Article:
It was mentioned that the Ombudsperson could play more of an adjudicative role, as distinguished from to the Commissioner’s oversight role, and would have some authority to have certain content removed off of platforms. Some experts noted that this would provide a level of comfort to victims. A few experts raised questions about where the line would be drawn between a private complaint and resolution versus the need for public authorities to be involved.
The Privacy Commissioner and the Digital Safety Commissioner
It was mentioned that the Privacy Commissioner could end up sharing a lot of the same functions being examined for a Digital Safety Commissioner – and that it might make sense for a Digital Safety Commissioner to be part of the Privacy Commissioner’s office. It was noted that the Privacy Commissioner has an investigation of complaint function, an audit and oversight function, a reporting function and a leadership function, all of which are functions that could be found in a Digital Safety Commissioner’s regime. It was also clarified that systemic risk and harm could be connected to privacy in a number of ways. A few experts indicated that this could be a good way to reconcile different equities implicated in online safety and privacy with values that would extend across the mandate (e.g., freedom of expression; equality rights; protection of information and reputation).
It was mentioned that this idea would be in line with challenges that the Privacy Commissioner has had in increasing their mandate already. It was noted that there is hesitancy to put all regulatory design ambitions in an office that struggles to increase their mandate and power and resources already.
The EU’s General Data Protection Regulation (GDPR) was proposed as a model to examine. Under this regulation, companies need to appoint people to be responsible for the implementation of the legislation and privacy officers within the company. When there are complaints, the officers receive the complaint and try to resolve the issue privately, and if there is still dissatisfaction, the issue moves to public recourse. Others noted the flaws of the GDPR, whereby other jurisdictions have incorporated this model and have run into capacity and resourcing issues in enforcing it.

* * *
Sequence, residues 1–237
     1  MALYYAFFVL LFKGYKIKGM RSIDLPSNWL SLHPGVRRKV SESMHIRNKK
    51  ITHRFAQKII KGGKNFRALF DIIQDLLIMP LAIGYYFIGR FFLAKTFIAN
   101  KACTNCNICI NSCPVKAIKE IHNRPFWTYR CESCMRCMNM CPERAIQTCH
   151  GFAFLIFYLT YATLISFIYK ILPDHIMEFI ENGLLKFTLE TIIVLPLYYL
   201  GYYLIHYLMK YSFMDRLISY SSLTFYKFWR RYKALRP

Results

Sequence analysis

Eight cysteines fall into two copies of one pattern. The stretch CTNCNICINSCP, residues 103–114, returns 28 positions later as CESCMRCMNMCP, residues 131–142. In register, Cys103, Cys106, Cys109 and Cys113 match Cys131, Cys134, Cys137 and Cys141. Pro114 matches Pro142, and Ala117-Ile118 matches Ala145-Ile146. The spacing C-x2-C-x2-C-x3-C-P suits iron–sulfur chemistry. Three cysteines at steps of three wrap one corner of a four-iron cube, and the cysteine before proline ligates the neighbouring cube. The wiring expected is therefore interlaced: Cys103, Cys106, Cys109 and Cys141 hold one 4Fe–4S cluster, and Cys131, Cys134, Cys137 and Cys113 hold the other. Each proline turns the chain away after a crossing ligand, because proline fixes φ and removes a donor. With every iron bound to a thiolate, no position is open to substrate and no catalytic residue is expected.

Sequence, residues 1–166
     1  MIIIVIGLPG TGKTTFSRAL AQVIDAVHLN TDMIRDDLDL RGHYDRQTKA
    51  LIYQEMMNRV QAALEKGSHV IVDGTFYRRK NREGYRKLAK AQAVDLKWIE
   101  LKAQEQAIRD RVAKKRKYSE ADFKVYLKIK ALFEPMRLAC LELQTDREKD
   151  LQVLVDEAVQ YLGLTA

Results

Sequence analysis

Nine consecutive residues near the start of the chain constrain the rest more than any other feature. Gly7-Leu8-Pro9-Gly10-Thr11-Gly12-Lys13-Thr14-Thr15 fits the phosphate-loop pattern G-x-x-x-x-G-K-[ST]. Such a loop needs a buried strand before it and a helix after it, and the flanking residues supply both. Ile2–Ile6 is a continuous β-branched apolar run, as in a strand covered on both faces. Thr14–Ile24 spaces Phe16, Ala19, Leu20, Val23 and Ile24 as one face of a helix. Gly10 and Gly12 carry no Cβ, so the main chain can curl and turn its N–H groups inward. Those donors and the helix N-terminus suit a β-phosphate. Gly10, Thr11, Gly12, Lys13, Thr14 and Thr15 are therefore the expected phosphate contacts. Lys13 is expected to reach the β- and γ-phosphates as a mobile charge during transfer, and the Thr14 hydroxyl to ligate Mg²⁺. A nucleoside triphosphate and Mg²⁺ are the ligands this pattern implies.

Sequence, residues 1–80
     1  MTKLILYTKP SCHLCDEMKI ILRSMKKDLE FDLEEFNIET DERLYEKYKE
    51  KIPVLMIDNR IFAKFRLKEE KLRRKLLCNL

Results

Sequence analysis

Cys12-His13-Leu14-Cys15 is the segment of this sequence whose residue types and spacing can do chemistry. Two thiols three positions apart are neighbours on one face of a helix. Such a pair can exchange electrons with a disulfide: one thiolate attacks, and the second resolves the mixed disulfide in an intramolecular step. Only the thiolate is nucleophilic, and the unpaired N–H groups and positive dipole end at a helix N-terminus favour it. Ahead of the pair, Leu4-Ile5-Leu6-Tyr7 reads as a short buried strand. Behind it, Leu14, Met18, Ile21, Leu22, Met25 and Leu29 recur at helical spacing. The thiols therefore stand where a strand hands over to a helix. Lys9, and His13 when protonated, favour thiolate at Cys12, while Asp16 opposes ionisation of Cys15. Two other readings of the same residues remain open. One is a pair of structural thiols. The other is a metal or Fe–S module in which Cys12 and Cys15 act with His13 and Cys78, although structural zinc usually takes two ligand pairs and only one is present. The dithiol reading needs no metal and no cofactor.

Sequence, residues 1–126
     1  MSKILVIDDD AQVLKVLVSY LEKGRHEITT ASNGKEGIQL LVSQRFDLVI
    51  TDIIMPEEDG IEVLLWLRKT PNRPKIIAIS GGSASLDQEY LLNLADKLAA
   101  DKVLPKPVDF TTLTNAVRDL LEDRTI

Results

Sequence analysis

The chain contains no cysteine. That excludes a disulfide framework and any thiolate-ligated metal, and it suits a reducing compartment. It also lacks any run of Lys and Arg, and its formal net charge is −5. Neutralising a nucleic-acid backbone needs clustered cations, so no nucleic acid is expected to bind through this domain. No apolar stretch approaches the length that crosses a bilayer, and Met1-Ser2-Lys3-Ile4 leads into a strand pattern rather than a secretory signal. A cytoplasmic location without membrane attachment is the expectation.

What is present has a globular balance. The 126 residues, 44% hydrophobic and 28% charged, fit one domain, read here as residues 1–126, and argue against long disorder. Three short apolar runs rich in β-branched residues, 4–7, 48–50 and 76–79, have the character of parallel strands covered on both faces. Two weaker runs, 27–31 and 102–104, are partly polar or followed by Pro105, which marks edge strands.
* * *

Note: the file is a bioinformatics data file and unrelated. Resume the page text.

Theme C: Recourse and Complaints Mechanism
The Expert Group remained divided over the need and design of an independent, external recourse mechanism for content moderation decisions. Some members noted that a complaints or recourse mechanism would be needed for individual complaints, while some mentioned that a well-designed system-based approach would reduce the need for this. It was noted that if both ex-ante and ex-post mechanisms are present, such as a Commissioner and an Ombudsperson, the roles and powers would have to be clearly defined.
Some members explained that there is a large amount of content posted online daily, and having a recourse mechanism open to all complaints would be unachievable. They noted that the use of the resource mechanism could be reduced if its mandate were limited to dealing with illegal content. Some members mentioned that there could be a multi-step test for complaints to go through before they reach an Ombudsperson, essentially reducing the number of complaints. They mentioned that steps could include, first going through the platform’s complaint mechanism (a systems-based approach could oblige platforms to have one in place) and that content should be illegal. If the complaint meets the outlined steps, then an independent third party that has quasi-judicial powers of enforcement could have the platform remove the content. It was also suggested that an audit by the Commissioner could be triggered if the Ombudsperson is finding that there are too many complaints from a single platform.